Visa said Friday it created a program that will allow mobile-phone manufacturers, point-of-sale terminal makers and other companies to more quickly certify their products under the card company’s security standards.
“Visa does not want to be the bottleneck” that slows down the introduction of new payments technologies, said Bill Gajda, head of global mobile products for Visa.
On Monday, Visa said it is working with Samsung, which is planning to equip its new mobile devices with a Visa technology called payWave. As part of the deal, banks will also be able to securely load their customers’ card account information into computer chips located in the handsets.
Visa is also working with Roam, which is part of Ingenico SA. Roam makes mobile credit-card readers that have grown in popularity among small merchants. Visa said it will promote use of Roam’s devices among merchants to “displace the use of cash globally.”
For MasterCard, its MasterPass platform is an “opportunity to get at the 85%” of global transactions that are paid for with cash and checks, said Ed McLaughlin, the company’s chief emerging-payments officer.
While some transactions made with MasterPass would have otherwise traveled over MasterCard’s processing network via use of a plastic card, Mr. McLaughlin said the service can help improve the shopping experience for consumers, potentially increasing overall use.
“We see this as another channel of transactions for MasterCard,” Mr. McLaughlin said in an interview.
MasterPass includes technology merchants can use to accept payments by tapping mobile phones equipped with technology called near-field communication, or NFC, against a checkout terminal; by scanning digital barcodes and other methods.
To help spur adoption, MasterCard struck a deal with VeriFone Systems Inc., a maker of payment terminals that will integrate MasterPass in mobile equipment that retailers can use to help customers check out while standing in line or browsing aisles in stores.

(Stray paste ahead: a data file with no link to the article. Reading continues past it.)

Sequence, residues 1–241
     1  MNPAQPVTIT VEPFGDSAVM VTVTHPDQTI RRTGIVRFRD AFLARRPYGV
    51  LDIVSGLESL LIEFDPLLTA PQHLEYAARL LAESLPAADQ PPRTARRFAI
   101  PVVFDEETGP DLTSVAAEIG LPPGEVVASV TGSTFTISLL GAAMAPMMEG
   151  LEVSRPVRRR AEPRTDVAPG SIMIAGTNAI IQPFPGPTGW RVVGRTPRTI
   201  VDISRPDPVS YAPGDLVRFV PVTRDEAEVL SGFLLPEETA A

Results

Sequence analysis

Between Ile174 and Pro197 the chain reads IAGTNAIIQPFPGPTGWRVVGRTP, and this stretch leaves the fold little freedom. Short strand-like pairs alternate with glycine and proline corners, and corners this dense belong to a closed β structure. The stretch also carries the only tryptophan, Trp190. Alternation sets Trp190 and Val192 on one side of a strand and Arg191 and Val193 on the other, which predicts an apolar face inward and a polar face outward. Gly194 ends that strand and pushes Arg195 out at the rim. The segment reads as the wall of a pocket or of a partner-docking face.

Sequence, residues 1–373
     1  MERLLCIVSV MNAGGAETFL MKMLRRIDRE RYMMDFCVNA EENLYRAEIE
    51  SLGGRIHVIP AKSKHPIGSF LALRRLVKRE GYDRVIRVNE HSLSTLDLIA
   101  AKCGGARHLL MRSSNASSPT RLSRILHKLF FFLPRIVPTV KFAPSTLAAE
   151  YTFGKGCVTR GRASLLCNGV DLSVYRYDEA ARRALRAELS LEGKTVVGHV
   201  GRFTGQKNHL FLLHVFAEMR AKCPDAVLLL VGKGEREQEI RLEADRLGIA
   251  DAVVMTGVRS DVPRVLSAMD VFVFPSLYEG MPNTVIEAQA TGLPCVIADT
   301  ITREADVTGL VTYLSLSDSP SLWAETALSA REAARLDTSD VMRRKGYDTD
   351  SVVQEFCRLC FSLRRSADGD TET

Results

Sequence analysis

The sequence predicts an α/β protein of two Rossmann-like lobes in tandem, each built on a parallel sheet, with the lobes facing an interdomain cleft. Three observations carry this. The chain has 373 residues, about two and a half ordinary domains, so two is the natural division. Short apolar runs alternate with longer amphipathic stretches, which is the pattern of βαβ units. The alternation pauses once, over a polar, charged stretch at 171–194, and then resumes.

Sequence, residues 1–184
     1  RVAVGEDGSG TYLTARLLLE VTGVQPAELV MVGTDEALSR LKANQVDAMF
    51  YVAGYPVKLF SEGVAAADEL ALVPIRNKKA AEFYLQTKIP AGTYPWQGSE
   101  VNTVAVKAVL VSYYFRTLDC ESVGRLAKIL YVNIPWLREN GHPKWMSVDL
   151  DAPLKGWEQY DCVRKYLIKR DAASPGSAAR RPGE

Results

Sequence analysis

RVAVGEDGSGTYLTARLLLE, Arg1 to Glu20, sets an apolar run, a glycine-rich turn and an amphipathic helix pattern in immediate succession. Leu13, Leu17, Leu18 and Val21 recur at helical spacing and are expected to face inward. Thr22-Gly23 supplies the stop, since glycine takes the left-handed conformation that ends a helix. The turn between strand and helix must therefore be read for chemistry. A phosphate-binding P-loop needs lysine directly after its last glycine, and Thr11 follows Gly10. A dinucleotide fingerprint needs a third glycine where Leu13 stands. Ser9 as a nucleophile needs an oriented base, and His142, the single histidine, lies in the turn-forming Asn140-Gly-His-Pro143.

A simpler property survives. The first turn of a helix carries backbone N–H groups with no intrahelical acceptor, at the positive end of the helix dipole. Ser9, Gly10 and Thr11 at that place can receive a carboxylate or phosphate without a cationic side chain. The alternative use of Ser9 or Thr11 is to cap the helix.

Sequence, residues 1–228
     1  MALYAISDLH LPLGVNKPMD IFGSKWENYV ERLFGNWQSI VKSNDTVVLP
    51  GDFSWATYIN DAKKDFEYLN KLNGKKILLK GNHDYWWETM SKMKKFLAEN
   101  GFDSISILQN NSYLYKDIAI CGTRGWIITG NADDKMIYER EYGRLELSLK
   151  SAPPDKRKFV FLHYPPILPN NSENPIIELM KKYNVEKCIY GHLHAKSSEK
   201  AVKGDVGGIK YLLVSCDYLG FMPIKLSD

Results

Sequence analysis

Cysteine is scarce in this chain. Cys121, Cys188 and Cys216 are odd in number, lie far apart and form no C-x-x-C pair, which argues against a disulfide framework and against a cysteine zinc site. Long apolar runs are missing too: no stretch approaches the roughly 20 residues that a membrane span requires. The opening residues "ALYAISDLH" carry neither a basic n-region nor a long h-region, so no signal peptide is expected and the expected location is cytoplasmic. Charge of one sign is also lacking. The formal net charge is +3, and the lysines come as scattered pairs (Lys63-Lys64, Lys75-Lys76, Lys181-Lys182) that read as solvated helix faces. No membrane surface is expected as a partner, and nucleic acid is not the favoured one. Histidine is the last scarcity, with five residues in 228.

It also is working with mFoundry Inc., a developer of mobile-banking apps, to equip its apps with MasterPass, making it available to the vendor’s nearly 900 bank clients.
To make a purchase on a website, a MasterPass user would enter a password on the checkout page of a merchant who has installed the service as a payment option instead of typing in their card number, security code and other information that experts say slows down e-commerce transactions.
MasterCard says the service will also be available in physical stores. For example, a consumer could use their mobile phone to order a product by snapping a digital barcode and have the item shipped to their house, Mr. McLaughlin said.
Banks including Fifth Third Bancorp, Bank of Montreal and others have signed on to offer the service. Merchants including AMR Corp.’s American Airlines and Runningshoes.com have agreed to accept MasterPass as a payment option.
MasterCard is rolling out the service in stages. It plans to make it available to U.S. consumers this spring.